Mitt Romney highlights his differences with Perry over immigration policy
By Philip Rucker,
Mitt Romney never uttered Rick Perry’s name when making his point. He didn’t have to.
Romney used a speech to a Florida gathering of Hispanic Republicans on Friday morning to draw a new contrast with his chief rival for the GOP presidential nomination over the politically toxic issue of immigration.
“Our country must do a better job of securing its borders, and as president, I will,” Romney told the Republican National Hispanic Assembly in Tampa, according to his prepared remarks. “That means completing construction of a high-tech fence, and investing in adequate manpower and resources.”
Romney, a former governor of Massachusetts, added: “We must stop providing the incentives that promote illegal immigration. As governor, I vetoed legislation that would have provided in-state tuition rates to illegal immigrants, and I strengthened the authority our state troopers had to enforce existing immigration laws.”
Perry opposes completing the fence between the United States and Mexico — he once called it “idiocy” — and instead supports fencing the border at cities and crossings while using high-tech surveillance elsewhere.
And as governor of Texas, Perry signed into law a bill similar to the one Romney vetoed, providing in-state tuition to students who had lived in Texas for three years and graduated from Texan high schools regardless of their citizenship status.
Perry spokesman Mark Miner said Perry is committed to securing the border. “As governor of Texas, a state that has more than 1,200 miles of border with Mexico, Governor Perry understands first hand the need to secure our border, something the federal government has failed at,” Miner said. “Because of the federal government’s inaction, Texas has spent more than $400 million on border security since 2005.”
With his remarks Friday, Romney signaled that he would use immigration and border security to drive a wedge between himself and Perry, perhaps at a series of debates starting Sept. 7 in California.
In Tampa, Romney drew another contrast with Perry, one he has made before, by labeling himself a “conservative businessman” and attacking “career politicians.”
“We stand near a threshold of profound economic misery,” Romney said. “Four more years on the same misguided political path would be disastrous. Career politicians got us into this mess and career politicians can’t get us out. I am a conservative businessman. I have spent most of my life outside of politics, solving real problems in the real economy.”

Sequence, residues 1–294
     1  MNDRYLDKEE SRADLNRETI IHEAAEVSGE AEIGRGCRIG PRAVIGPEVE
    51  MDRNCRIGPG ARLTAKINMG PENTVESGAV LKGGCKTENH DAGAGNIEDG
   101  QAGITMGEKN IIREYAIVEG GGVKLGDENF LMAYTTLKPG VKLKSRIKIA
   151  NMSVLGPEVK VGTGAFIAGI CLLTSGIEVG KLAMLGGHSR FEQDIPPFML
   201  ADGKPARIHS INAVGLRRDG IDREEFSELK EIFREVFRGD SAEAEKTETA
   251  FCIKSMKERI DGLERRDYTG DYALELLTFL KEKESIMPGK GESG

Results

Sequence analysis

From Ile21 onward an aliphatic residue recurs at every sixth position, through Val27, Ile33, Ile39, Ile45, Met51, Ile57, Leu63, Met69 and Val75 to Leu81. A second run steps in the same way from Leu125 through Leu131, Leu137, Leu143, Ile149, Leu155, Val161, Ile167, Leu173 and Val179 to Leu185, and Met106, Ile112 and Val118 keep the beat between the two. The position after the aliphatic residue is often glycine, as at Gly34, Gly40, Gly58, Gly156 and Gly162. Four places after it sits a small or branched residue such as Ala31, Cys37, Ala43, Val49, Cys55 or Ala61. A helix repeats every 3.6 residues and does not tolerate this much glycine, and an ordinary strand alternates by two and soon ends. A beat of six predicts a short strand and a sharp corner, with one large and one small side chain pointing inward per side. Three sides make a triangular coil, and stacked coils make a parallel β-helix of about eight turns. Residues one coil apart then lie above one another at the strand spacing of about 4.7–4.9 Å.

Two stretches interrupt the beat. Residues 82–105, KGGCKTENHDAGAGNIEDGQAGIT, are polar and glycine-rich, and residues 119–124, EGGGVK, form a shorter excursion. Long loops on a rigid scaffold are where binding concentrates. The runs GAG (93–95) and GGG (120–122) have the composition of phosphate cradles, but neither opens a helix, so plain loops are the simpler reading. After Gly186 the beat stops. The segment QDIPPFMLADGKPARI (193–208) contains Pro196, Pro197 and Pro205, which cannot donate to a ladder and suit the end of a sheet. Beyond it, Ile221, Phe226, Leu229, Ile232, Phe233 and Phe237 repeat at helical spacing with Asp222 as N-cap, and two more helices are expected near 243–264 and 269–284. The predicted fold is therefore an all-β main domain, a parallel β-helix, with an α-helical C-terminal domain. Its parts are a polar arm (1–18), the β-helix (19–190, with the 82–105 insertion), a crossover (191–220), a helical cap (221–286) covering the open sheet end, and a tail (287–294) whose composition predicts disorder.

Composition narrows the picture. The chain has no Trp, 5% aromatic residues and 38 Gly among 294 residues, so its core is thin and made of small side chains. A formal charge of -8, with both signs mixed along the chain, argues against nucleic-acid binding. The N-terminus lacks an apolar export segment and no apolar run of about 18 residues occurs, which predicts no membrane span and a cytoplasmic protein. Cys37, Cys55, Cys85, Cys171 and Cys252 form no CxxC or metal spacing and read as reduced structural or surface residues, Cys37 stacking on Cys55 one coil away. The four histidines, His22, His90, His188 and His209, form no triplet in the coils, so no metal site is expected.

Miner shot back at Romney, highlighting Perry’s time working on a family farm and serving in the Air Force.
“He must be talking about someone else, since the governor has been a farmer and Air Force pilot for a combined 19 years,” Miner said.
Perry, by definition, is a career politician, having held elective office since 1985. Romney served in office just four years, but had he won his Senate race in 1994, he might have become a career politician, too.
In his Friday speech, Romney previewed his detailed jobs plan, which he will unveil next Tuesday in Nevada. He said it would be “bold, sweeping and specific” — making business taxes competitive with other nations, eliminating regulations and promoting exploration of natural resources.
Romney said his plan would cut federal spending and cap it at 20 percent or less of the gross domestic product while balancing the federal budget.
“But any plan is only as good as the person leading it,” Romney said. “And you know, if we want to create jobs, it helps to have a president who has had a job.”
That last line, one Romney utters frequently on the campaign trail, refers to his 25 years working in the private sector as a management consultant and hedge fund executive — private sector experience he says most of the other candidates lack.
Although Romney originally scripted the line as a swipe against President Obama, it now also serves as a slap at Perry.